We’ve long known that humans and our cities affect the ecosystem and even drive some evolutionary change. What’s new is that these evolutionary changes are happening more quickly than previously thought, and have potential impacts not in the distant future — but now.

February 17, 2015

Study: Manufacturing growth can benefit Bangladeshi women workers

Workers in an apparel company in Dhaka, Bangladesh, in December 2014.

The life of a Bangladeshi garment factory worker is not an easy one. But new research from the University of Washington indicates that access to such factory jobs can improve the lives of young Bangladeshi women — motivating them to stay in school and lowering their likelihood of early marriage and childbirth.

February 12, 2015

Two famous names added to College of Built Environments’ Roll of Honor

The UW College of Built Environments has added two names to the Roll of Honor located in the auditorium of Architecture Hall — Roland Terry and Grant Jones. A celebration for the two honorees will take place April 29. Terry was a Seattle architect committed to artistry appropriate to its regional setting who also played…

February 11, 2015

Statewide home prices leveling off, but affordability woes linger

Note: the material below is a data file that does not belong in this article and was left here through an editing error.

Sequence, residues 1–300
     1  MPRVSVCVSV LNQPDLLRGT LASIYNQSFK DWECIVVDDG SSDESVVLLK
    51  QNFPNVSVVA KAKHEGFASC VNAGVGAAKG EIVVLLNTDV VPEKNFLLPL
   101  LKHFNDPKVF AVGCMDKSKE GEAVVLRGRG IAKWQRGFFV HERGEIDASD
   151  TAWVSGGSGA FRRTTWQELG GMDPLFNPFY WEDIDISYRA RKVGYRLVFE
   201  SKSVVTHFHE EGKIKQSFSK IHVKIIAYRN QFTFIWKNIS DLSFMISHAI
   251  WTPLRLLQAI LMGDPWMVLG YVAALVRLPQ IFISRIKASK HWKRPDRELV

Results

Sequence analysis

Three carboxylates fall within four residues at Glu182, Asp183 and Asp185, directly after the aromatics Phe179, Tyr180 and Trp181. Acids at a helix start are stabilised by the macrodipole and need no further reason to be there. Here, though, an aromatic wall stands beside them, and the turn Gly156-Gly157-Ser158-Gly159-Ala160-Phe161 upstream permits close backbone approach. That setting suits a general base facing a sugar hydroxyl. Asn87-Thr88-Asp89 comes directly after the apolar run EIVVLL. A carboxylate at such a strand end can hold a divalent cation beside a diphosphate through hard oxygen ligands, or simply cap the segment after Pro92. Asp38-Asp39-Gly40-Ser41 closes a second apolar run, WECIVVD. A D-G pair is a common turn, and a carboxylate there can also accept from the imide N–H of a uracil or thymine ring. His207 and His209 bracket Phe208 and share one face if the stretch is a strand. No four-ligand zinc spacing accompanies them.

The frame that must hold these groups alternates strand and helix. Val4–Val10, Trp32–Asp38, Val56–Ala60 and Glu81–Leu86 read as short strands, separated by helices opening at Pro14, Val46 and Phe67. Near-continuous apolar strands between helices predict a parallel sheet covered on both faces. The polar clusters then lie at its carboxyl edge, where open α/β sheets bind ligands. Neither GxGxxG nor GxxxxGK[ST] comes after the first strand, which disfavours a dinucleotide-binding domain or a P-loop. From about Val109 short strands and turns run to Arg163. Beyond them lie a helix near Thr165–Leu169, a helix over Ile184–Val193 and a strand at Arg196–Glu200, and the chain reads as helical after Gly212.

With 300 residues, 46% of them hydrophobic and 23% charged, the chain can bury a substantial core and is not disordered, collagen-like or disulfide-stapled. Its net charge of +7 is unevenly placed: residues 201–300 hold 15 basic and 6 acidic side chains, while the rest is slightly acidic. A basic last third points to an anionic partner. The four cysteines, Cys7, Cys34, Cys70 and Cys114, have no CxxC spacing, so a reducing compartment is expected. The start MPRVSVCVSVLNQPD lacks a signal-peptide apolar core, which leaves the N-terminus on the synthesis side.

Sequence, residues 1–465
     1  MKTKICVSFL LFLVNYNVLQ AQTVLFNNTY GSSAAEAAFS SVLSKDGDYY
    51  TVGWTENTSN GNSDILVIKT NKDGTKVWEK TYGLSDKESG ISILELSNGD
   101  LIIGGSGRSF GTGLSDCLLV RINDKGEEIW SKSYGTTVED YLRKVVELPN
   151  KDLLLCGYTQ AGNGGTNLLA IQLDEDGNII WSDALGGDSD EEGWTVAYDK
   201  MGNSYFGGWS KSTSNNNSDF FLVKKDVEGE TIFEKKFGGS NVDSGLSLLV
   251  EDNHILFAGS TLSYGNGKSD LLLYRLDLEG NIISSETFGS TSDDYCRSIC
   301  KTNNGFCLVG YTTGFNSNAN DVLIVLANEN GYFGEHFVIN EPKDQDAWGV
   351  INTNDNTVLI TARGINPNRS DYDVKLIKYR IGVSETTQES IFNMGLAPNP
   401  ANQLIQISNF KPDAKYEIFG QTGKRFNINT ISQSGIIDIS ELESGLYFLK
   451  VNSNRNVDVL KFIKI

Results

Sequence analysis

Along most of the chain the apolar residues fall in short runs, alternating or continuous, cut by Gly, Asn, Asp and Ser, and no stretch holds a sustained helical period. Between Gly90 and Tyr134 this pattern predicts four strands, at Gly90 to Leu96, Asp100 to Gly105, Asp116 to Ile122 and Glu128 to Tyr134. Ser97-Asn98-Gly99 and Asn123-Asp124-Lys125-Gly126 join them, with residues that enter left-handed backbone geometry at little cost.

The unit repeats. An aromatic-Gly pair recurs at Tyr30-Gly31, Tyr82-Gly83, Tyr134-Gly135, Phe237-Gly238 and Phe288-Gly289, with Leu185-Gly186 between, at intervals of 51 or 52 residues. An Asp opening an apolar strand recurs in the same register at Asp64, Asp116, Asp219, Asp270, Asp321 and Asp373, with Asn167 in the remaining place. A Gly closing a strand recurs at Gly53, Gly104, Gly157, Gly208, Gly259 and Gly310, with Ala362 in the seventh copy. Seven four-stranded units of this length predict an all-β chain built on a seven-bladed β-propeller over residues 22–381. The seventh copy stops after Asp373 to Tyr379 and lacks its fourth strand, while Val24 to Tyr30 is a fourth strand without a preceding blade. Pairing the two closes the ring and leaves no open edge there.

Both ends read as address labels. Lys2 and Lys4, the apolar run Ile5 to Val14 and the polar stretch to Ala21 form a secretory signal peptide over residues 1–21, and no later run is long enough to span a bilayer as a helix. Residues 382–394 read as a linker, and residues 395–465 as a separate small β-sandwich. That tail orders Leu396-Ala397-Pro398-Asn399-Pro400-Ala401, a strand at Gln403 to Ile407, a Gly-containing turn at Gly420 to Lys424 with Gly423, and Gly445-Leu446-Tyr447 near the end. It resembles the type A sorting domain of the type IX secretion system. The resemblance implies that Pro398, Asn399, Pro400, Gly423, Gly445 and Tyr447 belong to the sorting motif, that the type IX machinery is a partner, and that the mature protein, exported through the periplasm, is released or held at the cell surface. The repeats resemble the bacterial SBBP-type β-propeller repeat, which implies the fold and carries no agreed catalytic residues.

A house for sale.

Home sale prices were down in the fourth quarter of 2014 compared to the third quarter but up compared with the previous year, and the rate of home sales also dropped, according to the UW’s Runstad Center for Real Estate Studies.

February 10, 2015

Valentine’s Day ‘edit-a-thon’ to address Wikipedia gender gap

There is a widely recognized gender gap in the English language Wikipedia. Two members of the campus community are teaming to offer a four-hour hands-on workshop and discussion to bring feminist dialogues and theory to the information website, the seventh most-viewed in the United States. The event, titled “I Love To You: Critical Wikipedia Edit-a-Thon,”…

February 9, 2015

USA Today names UW third-best nationally for English majors

Pardon, Princeton. Step aside, Harvard. Maybe next time, Yale and Columbia — this one’s going to the University of Washington Department of English. UW colleges and departments are often named among the best in the country for science, technology and research. But the latest ranking has more to do with semi-colons than computer algorithms: USA…

February 5, 2015

UW alum Laurie Olin to deliver Dean’s Distinguished Lecture for College of Built Environments Feb. 11

Laurie Olin, teacher, artist, innovator and one of landscape architecture’s most famous names, will return to his alma mater to deliver the College of Built Environments’ 2015 Dean’s Distinguished Lecture at 6 p.m. Wednesday, Feb. 11, in Architecture Hall. His talk will be titled “Global, Regional, Local; Working Toward a Meaningful Landscape.” Olin is known…